As a result of defendant MacKay's: (1) failure to appear for deposition; (2) failure to respond to deposition questions in writing in a timely fashion; and (3) filing of a response containing a conformed verification notartized by a different notary than the original verification subsequently presented to the Court, the Court was persuaded that Mr. MacKay's personal appearance at a deposition was required. Dkt. #118, 124, 127. Accordingly, the Court struck defendant MacKay's written response (Dkt. #118), and Ordered his personal appearance at a deposition at a mutually convenient time within 60 days of the filing of the Decision and Order on January 26, 2004. Dkt. #127. Thereafter, the Court extended the deadline for Mr. MacKay's deposition to May 26, 2004. Dkt. #139.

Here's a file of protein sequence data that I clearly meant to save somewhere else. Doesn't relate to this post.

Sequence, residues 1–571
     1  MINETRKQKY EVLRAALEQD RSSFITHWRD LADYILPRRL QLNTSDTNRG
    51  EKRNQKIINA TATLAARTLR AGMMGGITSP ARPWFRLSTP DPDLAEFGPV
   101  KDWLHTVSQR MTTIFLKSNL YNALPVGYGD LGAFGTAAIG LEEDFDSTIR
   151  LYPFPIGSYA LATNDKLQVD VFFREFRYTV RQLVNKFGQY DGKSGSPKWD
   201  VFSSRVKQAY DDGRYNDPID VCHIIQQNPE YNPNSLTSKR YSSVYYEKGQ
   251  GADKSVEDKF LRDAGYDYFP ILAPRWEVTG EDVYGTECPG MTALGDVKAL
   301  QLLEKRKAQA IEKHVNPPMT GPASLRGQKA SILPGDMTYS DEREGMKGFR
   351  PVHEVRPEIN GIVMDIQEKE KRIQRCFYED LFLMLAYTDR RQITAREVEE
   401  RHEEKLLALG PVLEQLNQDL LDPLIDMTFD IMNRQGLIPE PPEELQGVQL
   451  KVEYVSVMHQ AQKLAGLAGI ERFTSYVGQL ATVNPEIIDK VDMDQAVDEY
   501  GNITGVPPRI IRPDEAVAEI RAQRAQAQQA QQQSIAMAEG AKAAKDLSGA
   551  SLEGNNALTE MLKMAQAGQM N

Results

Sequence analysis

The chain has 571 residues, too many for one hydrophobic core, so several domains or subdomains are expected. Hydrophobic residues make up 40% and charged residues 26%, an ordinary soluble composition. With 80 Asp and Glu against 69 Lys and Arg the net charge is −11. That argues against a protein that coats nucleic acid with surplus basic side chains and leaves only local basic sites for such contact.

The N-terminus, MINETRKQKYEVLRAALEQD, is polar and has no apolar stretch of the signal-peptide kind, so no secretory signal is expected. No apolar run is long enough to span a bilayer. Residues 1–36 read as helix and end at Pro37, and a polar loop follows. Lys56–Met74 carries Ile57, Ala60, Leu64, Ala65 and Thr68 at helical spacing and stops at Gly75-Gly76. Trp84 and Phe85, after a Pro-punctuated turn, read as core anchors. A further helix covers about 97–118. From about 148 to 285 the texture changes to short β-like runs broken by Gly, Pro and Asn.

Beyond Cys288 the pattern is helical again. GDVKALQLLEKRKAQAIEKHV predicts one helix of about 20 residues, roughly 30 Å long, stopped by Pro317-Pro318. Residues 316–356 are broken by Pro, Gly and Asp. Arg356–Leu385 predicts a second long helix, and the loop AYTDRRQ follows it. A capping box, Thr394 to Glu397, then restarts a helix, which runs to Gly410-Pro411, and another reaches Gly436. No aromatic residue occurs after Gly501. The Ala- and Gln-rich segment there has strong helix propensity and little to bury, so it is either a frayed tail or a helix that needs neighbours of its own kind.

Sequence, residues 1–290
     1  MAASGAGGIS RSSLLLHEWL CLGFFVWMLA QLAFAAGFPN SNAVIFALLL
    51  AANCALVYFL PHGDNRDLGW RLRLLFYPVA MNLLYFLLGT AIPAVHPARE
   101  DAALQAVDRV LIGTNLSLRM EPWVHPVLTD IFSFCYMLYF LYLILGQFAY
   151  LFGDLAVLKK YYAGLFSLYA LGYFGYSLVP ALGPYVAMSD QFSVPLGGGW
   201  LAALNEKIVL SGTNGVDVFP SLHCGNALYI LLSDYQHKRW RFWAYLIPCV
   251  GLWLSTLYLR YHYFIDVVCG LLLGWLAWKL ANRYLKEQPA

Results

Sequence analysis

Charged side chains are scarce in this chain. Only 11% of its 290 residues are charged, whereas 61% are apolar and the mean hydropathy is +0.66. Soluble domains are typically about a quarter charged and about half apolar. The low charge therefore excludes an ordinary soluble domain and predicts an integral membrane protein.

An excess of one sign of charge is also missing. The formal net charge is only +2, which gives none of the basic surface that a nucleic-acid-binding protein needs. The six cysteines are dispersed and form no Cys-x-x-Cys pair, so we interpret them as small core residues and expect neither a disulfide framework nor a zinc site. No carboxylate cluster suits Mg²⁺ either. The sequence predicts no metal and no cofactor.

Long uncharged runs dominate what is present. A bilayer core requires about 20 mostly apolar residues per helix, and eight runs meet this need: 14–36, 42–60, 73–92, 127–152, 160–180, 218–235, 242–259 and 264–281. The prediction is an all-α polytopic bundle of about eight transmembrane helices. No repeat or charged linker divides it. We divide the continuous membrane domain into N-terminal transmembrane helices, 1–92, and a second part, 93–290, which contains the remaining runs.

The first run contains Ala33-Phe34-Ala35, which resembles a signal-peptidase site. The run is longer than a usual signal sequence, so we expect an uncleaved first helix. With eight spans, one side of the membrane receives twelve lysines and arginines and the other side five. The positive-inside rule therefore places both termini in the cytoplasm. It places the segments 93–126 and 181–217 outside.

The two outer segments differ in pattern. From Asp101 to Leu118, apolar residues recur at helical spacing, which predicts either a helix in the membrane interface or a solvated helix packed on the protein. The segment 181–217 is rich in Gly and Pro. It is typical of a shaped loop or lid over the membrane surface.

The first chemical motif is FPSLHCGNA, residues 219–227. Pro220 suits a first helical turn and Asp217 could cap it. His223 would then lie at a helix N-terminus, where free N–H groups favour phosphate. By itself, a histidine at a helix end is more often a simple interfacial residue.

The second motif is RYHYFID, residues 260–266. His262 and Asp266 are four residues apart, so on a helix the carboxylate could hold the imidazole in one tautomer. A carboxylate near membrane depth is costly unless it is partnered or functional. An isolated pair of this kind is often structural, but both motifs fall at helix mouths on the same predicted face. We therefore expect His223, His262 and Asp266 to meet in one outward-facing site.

In light of the foregoing history, it is clear that plaintiffs have expended considerable effort and expense in their quest to obtain basic discovery from defendant MacKay. Moreover, it appears that defendant MacKay took advantage of the plaintiffs' willingness to permit an initial deposition upon written questions. Thus, the Court finds that any inconvenience associated with the deposition of Mr. MacKay should be born by the party necessitating the deposition. In addition, the Court finds it difficult to fathom how an individual holding the position of State Chair of the Independence Party could claim that travel to the Western District of New York would impose an undue burden upon him. The Court has afforded defendant MacKay ample time to arrange his schedule to accommodate such travel plans. Defendant MacKay's motion (Dkt. #142), is DENIED.